Deutsche Version 
The index u at decibel (dB) means unloaded source, V (volt). Some say: The "u" in dBu implies also that the load impedance is unspecified, or unterminated and is likely to be high. The index m at dB (decibel) means 1 milliwatt (power) as reference value for 0 dB. If the reverse conversion dBu, or dBV to volts is needed, go to the converter at the bottom. ● What is dBu? That has nothing to do with power. A logarithmic voltage ratio with a reference voltage of V_{0}= 0.7746 volt ≡ 0 dBu ● What is dBV? A logarithmic voltage ratio with a reference voltage of V_{0} = 1.0000 volt ≡ 0 dBV The max. domestic recording level of −10 dBV means 0.3162 volts, that is −7.78 dBu
● What is dBm? That has nothing to do with voltage. A logarithmic ratio with a reference power of P_{0} = 1.000 milliwatt ≡ 0 dBm. The pseudo unit "dBm" is not used in audio and in sound recording. With the known impedance value you can convert voltage V to level dBm (power) and vice versa. Often an impedance of 600 ohms or 50 ohms is assumed. For radio frequency systems (RF), impedance matching or power matching is absolutely essential.

In sound engineering there is no Power matching or Impedance matching. In audio we use only Voltage bridging or high Impedance bridging. 
Enter two values, the third value will be calculated.
Voltage V, level L, and impedance Z.
dBm indicates that the reference power is P_{0} = 1 milliwatt = 0.001 watt ≡ 0 dB_{m}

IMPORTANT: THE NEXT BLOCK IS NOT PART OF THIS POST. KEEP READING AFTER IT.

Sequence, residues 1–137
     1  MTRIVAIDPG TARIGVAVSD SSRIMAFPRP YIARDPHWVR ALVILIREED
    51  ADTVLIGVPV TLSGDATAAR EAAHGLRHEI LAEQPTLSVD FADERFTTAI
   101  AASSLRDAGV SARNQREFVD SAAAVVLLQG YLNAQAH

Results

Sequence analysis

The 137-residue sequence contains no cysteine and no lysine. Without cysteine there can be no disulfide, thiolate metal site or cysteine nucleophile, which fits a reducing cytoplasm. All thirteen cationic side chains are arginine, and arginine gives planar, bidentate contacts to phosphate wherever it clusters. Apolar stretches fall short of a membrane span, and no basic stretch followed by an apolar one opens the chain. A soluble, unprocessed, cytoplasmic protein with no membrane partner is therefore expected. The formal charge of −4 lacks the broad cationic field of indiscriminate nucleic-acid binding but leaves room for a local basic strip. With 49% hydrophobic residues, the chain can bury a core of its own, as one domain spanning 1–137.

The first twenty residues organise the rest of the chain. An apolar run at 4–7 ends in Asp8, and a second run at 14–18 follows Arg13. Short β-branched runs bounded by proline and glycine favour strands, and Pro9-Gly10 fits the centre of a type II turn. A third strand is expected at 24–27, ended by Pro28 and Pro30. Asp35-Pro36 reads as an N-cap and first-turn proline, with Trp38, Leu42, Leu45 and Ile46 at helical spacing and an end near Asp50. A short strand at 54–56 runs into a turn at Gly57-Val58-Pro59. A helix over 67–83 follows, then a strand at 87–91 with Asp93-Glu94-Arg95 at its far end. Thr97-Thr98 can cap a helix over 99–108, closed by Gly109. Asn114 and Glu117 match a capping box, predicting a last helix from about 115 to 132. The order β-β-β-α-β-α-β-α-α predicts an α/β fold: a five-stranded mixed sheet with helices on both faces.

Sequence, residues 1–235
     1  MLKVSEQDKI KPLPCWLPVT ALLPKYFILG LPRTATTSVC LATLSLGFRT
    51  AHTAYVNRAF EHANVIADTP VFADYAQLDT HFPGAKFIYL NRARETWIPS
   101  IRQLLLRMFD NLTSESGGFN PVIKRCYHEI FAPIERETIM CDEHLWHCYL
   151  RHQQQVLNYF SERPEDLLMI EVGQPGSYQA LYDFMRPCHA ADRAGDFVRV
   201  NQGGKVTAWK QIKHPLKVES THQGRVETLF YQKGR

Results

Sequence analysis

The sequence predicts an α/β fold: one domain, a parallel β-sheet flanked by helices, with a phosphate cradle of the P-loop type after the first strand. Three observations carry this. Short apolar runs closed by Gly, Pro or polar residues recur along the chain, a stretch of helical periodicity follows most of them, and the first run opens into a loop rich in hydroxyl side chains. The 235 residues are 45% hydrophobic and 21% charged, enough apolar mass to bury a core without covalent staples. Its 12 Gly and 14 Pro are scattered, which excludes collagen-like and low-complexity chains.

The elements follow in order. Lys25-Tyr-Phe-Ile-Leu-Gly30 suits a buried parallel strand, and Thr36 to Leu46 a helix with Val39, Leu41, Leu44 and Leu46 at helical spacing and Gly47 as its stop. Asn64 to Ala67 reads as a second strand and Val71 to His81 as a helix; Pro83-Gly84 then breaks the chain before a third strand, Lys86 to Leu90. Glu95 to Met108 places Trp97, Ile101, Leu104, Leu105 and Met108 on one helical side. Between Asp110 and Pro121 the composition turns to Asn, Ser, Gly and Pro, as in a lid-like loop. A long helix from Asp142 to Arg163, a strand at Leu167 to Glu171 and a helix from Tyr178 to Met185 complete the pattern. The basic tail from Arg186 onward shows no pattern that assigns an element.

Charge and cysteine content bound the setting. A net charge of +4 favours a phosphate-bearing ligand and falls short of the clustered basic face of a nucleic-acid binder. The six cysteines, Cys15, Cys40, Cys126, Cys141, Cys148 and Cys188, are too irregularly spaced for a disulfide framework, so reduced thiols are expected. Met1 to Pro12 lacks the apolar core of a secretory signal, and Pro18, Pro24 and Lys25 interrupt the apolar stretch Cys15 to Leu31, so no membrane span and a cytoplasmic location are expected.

To use the calculator, simply enter a value. The calculator works in both directions of the ↔ sign. 
Telephone lines need an input impedance and
an output impedance of 600 ohms for
impedance matching (power matching).
Reference voltage at 600 ohms – 1 mW according to 0 dBm Reference voltage at 50 Ohm – 1 mW according to 0 dBm 
dBu is a voltage standard where "zero" (as in zero dB on your meters) is considered to be 0.775 volts and +4 dBu is therefore 1.23 volts. dBm is a power measurement (the "m" stands for milliwatts), where +4 also happens to be 1.23 volts if the load impedance is 600 ohms. In many cases (and this is "old school" audio) a 600 ohm load can be assumed, however, in modern day interconnects input impedances are usually much higher, which kind of renders the dBm standard useless. This is one reason why most gear is rated in dBu, or in dBV (another voltage standard). 
Impedance matching Z_{2} = Z_{1 }for telephone (phone) lines
Transformer matched 600 ohm phone transmission line
● Definition of dBm dBm is defined as power ratio in decibel (dB) referenced to one milliwatt (mW). It is an abbreviation for dB with respect to 1 mW and the "m" in dBm stands for milliwatt. dBm is different from dB. dBm represents absolute power, whereas in audio engineering the decibel is usually a voltage ratio of two values and is used then to represent gain or attenuation of an audio amplifier, or an audio damping pad. If you use modern audio equipment in sound engineering, calculations used at typically 600 ohms impedance for telephone lines or 50 ohmsfor antennas, are not correct. Matching impedance for power is not used in the field of audio. You will only use voltage bridging or impedance bridging Z_{out} << Z_{in} (Z_{source} << Z_{load}) Here are adequate calculators for audio voltage and voltage levels: 
Converter: Decibel to Voltage and vice versa
Measurement of input impedance and output impedance
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